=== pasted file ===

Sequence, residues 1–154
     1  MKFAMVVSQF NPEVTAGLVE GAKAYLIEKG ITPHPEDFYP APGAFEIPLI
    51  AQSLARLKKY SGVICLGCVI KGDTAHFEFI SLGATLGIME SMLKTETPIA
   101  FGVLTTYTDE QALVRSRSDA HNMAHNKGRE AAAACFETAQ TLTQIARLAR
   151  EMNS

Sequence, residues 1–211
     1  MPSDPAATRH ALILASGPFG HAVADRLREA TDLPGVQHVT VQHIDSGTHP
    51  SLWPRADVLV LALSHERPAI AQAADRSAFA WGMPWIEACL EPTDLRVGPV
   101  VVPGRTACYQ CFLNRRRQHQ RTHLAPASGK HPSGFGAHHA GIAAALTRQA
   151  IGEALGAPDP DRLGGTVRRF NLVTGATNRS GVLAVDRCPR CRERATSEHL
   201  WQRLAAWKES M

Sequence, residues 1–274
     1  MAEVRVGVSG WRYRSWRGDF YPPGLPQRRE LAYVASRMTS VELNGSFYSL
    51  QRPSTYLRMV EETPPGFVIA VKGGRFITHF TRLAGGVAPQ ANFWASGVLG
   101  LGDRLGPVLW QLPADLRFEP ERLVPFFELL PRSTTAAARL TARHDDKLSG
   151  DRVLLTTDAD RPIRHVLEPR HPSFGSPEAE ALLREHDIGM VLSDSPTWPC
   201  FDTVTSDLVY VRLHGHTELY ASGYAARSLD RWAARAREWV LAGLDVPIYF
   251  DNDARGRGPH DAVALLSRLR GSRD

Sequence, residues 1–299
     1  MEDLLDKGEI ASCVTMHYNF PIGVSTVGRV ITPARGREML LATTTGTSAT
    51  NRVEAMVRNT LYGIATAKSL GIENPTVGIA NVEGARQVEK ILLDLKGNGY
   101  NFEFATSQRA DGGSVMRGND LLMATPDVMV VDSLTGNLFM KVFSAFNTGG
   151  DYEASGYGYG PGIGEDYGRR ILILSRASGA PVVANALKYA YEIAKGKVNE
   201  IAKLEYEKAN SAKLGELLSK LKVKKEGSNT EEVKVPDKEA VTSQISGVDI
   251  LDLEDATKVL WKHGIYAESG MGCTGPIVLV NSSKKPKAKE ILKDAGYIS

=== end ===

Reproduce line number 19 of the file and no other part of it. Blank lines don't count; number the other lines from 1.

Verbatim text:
Sequence, residues 1–299